February 21, 2012
National Heritage Area is meant to highlight environment, history
The 100-mile-long Mountains to Sound Greenway — greenbelt stretched along Interstate 90 from the Seattle waterfront and across the Cascades — is often heralded as a national model for conservation and land use.
January 3, 2012
Issaquah trailblazer led efforts to protect lake from threats for decades
Joanna Buehler earned top honors for environmental efforts for decades spent on a difficult struggle to shield Lake Sammamish from constant pressures from a population boom occurring along the tree-lined shore.
November 15, 2011
Cougar Mountain is due for a cleaning.
King County purchased 41 acres on Cougar Mountain almost a year ago, and to prepare the site for addition to a regional park, Issaquah Alps Trails Club members plan to clean up the land Nov. 19.
The effort is a rare cleanup event for the trails club. Members usually focus on trail maintenance projects.
“This property is really important and we figure it’s a good start,” said David Kappler, Issaquah Alps Trails Club president and a former Issaquah councilman. “We’ll build some more awareness of the actual potential for this property.”
September 6, 2011
NEW — 6 a.m. Sept. 6, 2011
Join the Mountains to Sound Greenway Trust as the organization celebrates 20 years.
The nonprofit organization, founded in September 1991, oversees preservation projects in a greenbelt stretching along Interstate 90 from the Seattle waterfront to Central Washington.
In order to celebrate 20 years, the greenway is celebrating at KeyArena at 7 p.m. Friday as the Seattle Storm face the Phoenix Mercury.
Tickets cost $20 and $5 goes to support the greenway. Order tickets and enter the password “greenway” at the prompt for special ticket pricing.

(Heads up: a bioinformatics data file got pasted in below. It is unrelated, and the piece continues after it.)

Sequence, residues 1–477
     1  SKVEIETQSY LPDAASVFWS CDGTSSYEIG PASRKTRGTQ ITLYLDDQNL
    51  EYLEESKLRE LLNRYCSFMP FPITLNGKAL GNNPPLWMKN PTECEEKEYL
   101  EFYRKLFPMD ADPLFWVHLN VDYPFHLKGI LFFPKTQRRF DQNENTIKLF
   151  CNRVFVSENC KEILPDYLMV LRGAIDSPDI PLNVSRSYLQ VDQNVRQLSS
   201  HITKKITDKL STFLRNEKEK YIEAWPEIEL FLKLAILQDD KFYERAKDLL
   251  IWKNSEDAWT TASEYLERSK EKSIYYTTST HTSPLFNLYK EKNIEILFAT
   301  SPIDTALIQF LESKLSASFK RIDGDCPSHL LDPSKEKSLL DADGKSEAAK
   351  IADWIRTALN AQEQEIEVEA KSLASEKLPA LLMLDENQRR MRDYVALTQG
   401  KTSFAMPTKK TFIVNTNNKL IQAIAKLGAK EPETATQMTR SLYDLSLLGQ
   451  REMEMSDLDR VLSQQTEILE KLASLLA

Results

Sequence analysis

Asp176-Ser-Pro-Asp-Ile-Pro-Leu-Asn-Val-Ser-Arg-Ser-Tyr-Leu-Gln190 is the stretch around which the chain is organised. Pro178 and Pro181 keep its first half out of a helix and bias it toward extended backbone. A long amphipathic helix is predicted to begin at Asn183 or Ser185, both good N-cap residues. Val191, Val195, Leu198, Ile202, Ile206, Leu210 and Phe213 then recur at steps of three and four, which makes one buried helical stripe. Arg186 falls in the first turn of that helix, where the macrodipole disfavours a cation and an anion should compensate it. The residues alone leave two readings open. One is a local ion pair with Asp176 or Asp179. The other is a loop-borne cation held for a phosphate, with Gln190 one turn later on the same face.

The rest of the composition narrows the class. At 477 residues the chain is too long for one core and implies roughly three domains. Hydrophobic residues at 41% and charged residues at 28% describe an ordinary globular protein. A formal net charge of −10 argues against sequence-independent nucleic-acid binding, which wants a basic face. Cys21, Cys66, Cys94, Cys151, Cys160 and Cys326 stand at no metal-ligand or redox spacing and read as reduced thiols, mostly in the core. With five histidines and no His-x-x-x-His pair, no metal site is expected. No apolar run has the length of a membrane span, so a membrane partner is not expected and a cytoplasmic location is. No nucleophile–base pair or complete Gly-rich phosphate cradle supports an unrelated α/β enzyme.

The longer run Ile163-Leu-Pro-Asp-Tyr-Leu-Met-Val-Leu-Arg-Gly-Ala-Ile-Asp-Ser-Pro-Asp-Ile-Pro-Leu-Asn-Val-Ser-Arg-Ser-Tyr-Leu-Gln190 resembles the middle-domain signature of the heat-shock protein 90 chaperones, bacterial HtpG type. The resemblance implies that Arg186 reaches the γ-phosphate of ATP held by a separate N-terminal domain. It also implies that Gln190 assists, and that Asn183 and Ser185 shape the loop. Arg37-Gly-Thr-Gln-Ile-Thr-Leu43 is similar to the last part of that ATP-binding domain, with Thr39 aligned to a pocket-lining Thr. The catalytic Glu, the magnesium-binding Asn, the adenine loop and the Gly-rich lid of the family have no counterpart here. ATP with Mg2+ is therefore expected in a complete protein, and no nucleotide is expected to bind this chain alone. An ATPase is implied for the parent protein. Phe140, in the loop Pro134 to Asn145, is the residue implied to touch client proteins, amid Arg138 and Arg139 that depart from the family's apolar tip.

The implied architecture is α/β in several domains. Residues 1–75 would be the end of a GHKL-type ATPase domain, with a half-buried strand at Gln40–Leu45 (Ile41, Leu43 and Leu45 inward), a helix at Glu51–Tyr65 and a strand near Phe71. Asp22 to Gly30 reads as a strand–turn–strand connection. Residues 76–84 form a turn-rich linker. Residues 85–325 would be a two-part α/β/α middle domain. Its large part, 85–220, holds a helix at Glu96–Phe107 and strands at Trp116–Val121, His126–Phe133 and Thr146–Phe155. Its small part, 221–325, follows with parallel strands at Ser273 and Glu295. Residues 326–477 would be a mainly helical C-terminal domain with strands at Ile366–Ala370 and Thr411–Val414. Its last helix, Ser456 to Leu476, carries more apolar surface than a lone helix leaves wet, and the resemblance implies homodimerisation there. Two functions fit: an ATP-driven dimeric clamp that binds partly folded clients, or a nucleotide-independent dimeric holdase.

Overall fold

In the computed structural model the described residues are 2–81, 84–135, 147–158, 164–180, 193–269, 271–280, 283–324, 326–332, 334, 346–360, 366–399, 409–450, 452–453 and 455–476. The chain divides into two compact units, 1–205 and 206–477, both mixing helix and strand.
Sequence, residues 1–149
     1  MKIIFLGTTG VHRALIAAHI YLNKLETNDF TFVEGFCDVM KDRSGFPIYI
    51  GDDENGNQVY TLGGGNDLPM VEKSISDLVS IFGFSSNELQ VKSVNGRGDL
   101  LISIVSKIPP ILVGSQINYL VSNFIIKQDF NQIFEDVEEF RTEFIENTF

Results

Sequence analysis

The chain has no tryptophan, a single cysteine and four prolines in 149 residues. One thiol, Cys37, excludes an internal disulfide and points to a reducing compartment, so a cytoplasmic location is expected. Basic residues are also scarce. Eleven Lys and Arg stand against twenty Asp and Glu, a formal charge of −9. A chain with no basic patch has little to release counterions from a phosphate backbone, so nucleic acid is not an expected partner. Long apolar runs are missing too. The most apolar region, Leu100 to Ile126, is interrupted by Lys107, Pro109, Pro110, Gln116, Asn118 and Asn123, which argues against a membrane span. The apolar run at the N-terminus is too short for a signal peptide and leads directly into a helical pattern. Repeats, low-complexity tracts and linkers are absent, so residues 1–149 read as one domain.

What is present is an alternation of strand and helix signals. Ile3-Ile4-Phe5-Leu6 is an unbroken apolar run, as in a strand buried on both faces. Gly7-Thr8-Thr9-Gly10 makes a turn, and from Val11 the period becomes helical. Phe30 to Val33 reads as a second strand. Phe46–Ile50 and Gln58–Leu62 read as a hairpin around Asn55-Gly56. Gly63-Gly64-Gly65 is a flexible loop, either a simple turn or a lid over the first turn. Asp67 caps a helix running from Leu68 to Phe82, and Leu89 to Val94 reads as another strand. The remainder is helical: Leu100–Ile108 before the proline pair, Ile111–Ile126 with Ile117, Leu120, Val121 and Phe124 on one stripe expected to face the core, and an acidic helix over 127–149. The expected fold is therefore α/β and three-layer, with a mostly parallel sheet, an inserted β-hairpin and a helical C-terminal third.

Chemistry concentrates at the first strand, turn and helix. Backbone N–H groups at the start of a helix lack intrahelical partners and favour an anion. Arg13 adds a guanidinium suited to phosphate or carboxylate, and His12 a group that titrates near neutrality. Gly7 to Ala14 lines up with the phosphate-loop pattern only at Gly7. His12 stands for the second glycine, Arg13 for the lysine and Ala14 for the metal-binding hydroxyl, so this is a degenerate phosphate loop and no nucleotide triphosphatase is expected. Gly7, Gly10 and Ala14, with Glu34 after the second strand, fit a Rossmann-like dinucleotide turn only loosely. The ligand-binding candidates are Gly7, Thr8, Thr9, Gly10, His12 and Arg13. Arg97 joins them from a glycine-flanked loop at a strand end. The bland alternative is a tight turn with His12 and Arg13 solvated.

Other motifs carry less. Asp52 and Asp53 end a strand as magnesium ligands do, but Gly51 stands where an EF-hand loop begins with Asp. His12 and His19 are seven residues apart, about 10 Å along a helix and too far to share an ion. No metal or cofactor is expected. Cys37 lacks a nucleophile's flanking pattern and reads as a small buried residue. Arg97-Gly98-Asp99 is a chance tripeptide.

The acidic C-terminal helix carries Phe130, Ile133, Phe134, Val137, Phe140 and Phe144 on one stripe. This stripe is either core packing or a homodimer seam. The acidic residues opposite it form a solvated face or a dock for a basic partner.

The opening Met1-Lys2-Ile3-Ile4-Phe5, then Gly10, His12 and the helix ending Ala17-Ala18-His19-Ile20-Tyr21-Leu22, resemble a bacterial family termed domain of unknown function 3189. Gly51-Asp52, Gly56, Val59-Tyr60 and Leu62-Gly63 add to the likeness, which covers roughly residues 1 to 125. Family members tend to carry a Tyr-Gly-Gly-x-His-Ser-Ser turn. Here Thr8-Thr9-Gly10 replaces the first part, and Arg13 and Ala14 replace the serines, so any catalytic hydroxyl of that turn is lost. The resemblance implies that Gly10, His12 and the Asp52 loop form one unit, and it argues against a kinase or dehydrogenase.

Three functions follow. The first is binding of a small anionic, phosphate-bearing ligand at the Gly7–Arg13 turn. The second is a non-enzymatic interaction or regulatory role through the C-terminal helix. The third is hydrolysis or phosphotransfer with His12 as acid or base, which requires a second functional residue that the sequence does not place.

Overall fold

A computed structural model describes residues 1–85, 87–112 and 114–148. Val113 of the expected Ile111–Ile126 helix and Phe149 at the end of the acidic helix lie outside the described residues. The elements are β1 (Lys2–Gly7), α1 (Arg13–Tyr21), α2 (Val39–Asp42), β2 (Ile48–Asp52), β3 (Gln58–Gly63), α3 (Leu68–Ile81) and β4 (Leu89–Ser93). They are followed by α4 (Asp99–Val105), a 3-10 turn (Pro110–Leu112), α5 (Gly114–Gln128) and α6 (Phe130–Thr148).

Providing the password also means attendees get automatically seated in the greenway section.
August 9, 2011
A total of 21 years have passed since the members of the Issaquah Alps Trails Club led the now well-known hike from Snoqualmie Pass to Seattle.
Since then, according to exhibition organizers, the landscape of Issaquah has been a key part of the Mountains to Sound Greenway.
With that in mind, Issaquah was picked to host the opening leg of the Mountains to Sound Greenway inaugural traveling photo exhibition.
The exhibition will feature 30 images of the greenway taken by people who live, work and play in the cities, towns, mountains and natural areas between Seattle and Eastern Washington.
The photos represent the work of amateur photographers of all ages and abilities.
August 2, 2011
“Are we there yet? How much farther?”
If you’ve gone hiking with a child, you have surely heard these migraine-inducing questions thousands of times. As you take left and right turns up a mountainside, there is often no good answer to give the tired youngster.
After all, how much farther is it to the top? Where in the world are you on that map you brought?
If only you had a map created with GPS data. Every twist and turn on the trail would be recorded with surgical precision.
July 26, 2011
Leaders nurture Interstate 90 greenbelt, acre by acre, year by year
Like the matter-of-fact name suggests, the Mountains to Sound Greenway starts amid the souvenir shops and seafood restaurants at the Seattle waterfront, unfurls along Interstate 90, encompassing cities and forests, and continues on, across the Cascades.
Issaquah, situated on the route, is not quite at the center, but the city is central in the long effort to create a greenbelt along the major roadway.